One in four Muslim women wearing a headscarf in New York City has been pushed on a subway platform, a new survey has found.
The survey, released Tuesday by New York's Commission on Human Rights, reveals widespread discrimination and harassment faced by Muslims and other religious minorities in recent years.
Many of the 3,1000 Muslim, Jewish or Sikh respondents said they didn't report the incidents – ranging from bias to physical assault – because they were afraid or doubted they would be taken seriously.
The survey's findings show that between July 2016 and late 2017, almost two in five (38.7 percent) of respondents were verbally harassed. Some 8.8 percent had experienced physical assault.
Nineteen percent of those wearing religious clothing had been shoved on a subway platform, including 27 percent of Muslim women wearing headscarves.
Almost one in six (16.6 percent) reported racial, religious or ethnic discrimination while at work or searching for a job. Ten percent of Muslims were prevented from practicing their religion at work.
Sikhs under the age of 35 were particular targets of discrimination, experiencing verbal harassment twice as often as others surveyed.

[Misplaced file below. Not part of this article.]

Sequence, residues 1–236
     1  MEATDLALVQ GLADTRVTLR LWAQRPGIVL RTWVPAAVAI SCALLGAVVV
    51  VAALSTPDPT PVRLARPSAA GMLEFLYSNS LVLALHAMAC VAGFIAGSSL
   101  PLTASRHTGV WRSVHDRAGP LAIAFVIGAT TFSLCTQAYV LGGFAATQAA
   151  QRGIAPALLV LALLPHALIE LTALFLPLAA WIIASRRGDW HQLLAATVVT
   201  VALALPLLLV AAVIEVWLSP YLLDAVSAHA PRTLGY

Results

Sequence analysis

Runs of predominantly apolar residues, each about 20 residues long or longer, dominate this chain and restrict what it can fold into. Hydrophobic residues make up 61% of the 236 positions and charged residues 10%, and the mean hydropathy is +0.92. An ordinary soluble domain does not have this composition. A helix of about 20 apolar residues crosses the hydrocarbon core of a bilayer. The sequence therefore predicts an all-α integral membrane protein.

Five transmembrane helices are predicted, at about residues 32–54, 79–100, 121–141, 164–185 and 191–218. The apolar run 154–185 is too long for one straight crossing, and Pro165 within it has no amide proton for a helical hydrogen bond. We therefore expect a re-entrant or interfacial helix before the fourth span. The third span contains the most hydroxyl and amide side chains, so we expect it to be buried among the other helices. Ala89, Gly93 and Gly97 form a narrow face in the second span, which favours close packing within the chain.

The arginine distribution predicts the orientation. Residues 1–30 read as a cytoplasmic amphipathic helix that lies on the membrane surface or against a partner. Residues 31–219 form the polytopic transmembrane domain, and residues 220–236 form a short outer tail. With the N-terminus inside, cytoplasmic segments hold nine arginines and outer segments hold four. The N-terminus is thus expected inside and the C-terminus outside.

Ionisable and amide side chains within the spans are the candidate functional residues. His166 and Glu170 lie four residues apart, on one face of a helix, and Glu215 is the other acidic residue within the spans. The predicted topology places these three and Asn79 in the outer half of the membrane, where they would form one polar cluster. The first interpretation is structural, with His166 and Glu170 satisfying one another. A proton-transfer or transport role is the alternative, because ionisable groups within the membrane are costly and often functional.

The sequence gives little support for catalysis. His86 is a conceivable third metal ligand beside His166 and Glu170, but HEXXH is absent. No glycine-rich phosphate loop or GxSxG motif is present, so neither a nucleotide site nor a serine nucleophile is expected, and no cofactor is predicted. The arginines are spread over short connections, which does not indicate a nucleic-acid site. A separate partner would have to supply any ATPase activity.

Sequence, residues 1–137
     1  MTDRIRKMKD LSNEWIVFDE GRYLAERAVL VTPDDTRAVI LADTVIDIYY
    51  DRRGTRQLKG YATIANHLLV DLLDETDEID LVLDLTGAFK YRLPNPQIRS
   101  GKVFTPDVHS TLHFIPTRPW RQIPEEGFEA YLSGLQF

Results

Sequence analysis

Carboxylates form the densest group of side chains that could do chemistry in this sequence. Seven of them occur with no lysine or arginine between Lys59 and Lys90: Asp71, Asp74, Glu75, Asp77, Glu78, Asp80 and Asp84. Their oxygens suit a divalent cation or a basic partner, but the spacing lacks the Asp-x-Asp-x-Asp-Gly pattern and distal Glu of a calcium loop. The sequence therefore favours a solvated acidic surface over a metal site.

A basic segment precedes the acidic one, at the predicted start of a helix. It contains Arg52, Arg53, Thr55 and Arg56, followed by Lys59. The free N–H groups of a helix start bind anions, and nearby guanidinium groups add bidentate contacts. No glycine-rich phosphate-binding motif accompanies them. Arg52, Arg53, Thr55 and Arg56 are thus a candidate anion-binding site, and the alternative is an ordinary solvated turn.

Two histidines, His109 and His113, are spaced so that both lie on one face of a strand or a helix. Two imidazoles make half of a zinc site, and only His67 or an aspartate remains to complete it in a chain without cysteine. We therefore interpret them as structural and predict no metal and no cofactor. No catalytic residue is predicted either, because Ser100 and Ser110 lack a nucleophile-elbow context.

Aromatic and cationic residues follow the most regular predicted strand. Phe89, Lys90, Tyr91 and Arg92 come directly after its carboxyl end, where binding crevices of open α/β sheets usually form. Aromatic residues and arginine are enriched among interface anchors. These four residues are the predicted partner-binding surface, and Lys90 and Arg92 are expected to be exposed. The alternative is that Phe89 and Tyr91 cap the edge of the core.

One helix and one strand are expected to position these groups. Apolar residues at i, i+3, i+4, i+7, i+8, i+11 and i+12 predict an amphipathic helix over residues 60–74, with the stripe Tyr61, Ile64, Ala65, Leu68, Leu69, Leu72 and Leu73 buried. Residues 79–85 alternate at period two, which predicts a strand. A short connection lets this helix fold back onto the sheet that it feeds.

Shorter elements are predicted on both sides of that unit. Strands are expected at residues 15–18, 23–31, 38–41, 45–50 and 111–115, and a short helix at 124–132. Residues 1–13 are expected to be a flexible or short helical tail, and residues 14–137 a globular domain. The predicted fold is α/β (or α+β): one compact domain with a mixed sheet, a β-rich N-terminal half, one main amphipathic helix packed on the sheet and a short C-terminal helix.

Eight out of 10 Jewish respondents reported "very" or "somewhat" disturbing anti-Semitic vandalism or property damage.
Over 70 percent of respondents said they did not report the incidents to the police or anyone else because they didn't think they would be taken seriously, feared retaliation or hadn't received help when reporting earlier incidents.
"No one in New York City has permission to discriminate against or harass others because of who they are, where they pray, or what country they come from," the commission chairwoman Carmelyn Malalis said, as quoted by CNN.
"The NYC Commission on Human Rights takes bias-motivated incidents very seriously and we are dedicated to combating them," she added.
The commission urges witnesses of such incidents to be proactive to intervene on behalf of the target.
One Muslim woman, Souad Kirama, who was physically assaulted by teenage girls in a Brooklyn restaurant last year, recalled: "People were just standing there watching me being beaten up and being called an (expletive) terrorist. Never in my life have I seen this kind of violence and aggressiveness."
"Now more than ever, it is critical that everyone in New York City stands up against discrimination and hate whenever and wherever they see it," Kirama told a news conference.
The commission is looking to create bystander invention trainings and a community-based referral network to report incidents. It has lobbied for more resources to be put toward supporting minorities in the community and through legal avenues so they can understand and realize their rights. The commission also kicked off an ad campaign on social media and a variety of ethnic media outlets this week.